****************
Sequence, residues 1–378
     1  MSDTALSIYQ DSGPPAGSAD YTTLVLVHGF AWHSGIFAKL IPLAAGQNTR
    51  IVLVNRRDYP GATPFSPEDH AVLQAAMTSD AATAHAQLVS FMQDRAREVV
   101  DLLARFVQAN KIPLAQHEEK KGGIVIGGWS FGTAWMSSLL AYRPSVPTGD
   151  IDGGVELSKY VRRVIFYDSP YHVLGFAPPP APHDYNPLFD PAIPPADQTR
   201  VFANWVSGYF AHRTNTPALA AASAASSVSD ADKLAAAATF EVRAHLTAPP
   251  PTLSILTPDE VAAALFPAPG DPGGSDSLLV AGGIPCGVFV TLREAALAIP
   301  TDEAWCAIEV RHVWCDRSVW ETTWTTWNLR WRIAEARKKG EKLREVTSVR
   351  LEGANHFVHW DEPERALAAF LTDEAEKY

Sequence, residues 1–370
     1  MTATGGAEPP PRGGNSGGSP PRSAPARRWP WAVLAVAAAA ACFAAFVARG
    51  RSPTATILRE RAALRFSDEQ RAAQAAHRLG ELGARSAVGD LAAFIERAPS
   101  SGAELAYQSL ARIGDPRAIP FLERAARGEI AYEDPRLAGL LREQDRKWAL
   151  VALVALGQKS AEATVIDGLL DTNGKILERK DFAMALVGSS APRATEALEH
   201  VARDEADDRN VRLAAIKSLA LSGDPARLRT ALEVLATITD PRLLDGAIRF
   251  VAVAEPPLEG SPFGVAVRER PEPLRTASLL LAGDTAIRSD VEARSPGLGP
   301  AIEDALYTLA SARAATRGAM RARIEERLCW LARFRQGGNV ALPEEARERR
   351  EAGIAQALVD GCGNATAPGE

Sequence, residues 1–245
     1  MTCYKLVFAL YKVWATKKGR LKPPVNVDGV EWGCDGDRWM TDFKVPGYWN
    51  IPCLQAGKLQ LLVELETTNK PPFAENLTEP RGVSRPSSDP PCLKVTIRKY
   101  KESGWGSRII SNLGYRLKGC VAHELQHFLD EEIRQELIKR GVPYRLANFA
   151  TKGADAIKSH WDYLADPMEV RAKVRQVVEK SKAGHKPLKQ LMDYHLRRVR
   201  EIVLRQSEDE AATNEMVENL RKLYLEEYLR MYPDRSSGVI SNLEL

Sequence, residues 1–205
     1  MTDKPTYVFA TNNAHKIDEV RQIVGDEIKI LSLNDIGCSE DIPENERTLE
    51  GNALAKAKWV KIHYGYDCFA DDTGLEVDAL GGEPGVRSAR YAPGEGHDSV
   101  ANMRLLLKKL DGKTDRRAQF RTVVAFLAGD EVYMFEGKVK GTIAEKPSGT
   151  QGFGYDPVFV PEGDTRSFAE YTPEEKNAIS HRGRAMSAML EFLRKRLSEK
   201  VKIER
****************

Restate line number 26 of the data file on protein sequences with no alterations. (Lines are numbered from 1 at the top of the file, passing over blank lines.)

     1  MTDKPTYVFA TNNAHKIDEV RQIVGDEIKI LSLNDIGCSE DIPENERTLE